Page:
Limitations to our study are related to its small, formative nature that precluded several methodological enhancements necessary in future studies. More in-depth demographic and sexual behavior information from participants should be included in future studies in order to triangulate and further contextualize the findings and thereby strengthen its generalizability. Also, while we strived to recruit a study sample reflective of Peruvian MSM and TW which included MSM who did not identify as gay and both MSM and TW reporting paid sex work, the small overall sample size and thus sub-group sizes led to focus groups of all MSM or all TW, thereby preventing the ability to attribute specific quotes to MSM types. Finally, not all participants were < 26 years of age (the US CDC recommended cut-off age for HPV vaccination in MSM ); however, not only was this study conducted before this age recommendation was published, but this does not invalidate participant opinions for a vaccine they may have been eligible to receive. These limitations notwithstanding, this small study still represents the first step in exploring HPV vaccine acceptability among MSM and TW in Peru and to our knowledge in South America. Future studies should also consider expanding beyond the target vaccine populations to include the views and opinions of those who would act as the likely gateway not only to HPV vaccination but for education and treatment of HPV and its sequelae, as well: nurses, doctors and health professionals .
As Nadarzynski et al.  point out in their systematic review of literature examining HPV vaccine-related perceptions among MSM, in environments where HPV vaccination is sex-specific (as in Peru), theory-driven studies focusing on the specific demographic, behavioral and psychosocial factors related to vaccine uptake are essential. Particularly in young and/or sexually inexperienced MSM and TW, understanding with precision the factors predicting HPV vaccination uptake would lay the foundation for vaccine introduction into these populations, by either public or community-based entities.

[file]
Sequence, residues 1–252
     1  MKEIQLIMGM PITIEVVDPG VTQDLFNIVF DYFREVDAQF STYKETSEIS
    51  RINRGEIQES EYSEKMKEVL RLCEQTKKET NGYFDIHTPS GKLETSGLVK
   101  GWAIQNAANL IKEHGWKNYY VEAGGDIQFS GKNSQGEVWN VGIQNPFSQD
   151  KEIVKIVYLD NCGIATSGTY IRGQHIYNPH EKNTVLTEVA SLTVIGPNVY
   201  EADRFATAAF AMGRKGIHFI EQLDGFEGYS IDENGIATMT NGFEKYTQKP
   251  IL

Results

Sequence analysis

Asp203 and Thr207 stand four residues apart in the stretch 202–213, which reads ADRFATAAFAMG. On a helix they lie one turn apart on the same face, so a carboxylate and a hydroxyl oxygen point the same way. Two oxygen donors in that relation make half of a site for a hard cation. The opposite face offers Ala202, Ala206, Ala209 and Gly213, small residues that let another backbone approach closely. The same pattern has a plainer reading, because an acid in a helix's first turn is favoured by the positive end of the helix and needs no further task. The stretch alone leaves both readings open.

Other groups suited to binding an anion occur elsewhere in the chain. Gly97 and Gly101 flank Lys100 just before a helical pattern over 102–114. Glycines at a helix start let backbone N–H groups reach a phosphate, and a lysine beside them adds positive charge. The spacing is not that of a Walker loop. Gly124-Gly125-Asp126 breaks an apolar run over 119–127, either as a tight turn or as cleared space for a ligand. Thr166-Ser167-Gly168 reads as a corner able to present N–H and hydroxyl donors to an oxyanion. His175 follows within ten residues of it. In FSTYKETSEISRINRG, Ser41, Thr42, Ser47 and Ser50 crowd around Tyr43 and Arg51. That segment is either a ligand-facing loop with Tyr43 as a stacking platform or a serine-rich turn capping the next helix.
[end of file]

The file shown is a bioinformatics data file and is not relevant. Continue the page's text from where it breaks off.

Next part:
MSM and TW in Peru and elsewhere are disproportionally infected and affected with HPV and related sequelae, and co-infection with HIV greatly increases the rates of anogenital and oral cancers in these populations. Unlike HIV, however, safe and effective HPV vaccines have been available for years now with varied vaccine uptake success dependent on the setting. Therefore, in addition to future research on the individual factors affecting (or which could potentially affect) HPV vaccine uptake, implementation science should also be applied at the policy and healthcare delivery systems levels so that populations in particularly high need can receive the vaccine in a systematic and sustainable way.
In addition to the study participants who gave their time to participate in this study, we thank Hugo Sánchez and the staff at Epicentro Salud for their logistal assitance and provision of space to conduct the focus groups and in-depth interviews. We also thank Jo Gerrard for her assistance with manuscript preparation. This investigation was reviewed and approved by the research ethics commitee at Universidad Peruana Cayetano Heredia.
This work was supported in part by a research grant from the Merck Investigator-Initiated Studies Program of Merck & Co Inc. The opinions expressed in this paper are of the authors and do not necessarily represent those of Merck & Co Inc. The funders had no role in study design, data collection and analysis, decision to publish, or preparation of the manuscript. Magaly Blas and Brandon Brown received a research grant from the Investigator-Initiated Studies Program of Merck & Co., Inc. This does not alter the authors’ adherence to all the PLOS ONE policies on sharing data and materials.
Data are available from the Universidad Peruana Cayetano Heredia Institutional Data Access Ethics Committee (CIEH) for researchers who meet the criteria for access to confidential data - firstname.lastname@example.org. Committee Administrator contact: Silvia Román Sulca, email@example.com Committee Secretary: Soledad Peña Romero, firstname.lastname@example.org Direction: Dirección Universitaria de Investigación, Ciencia y Tecnología - DUICT 3er Piso de Biblioteca Central de la Universidad Peruana Cayetano Heredia Av. Honorio Delgado 430 - San Martín de Porres, Lima, Peru Tel: 51-1-319-0000 anexo 2271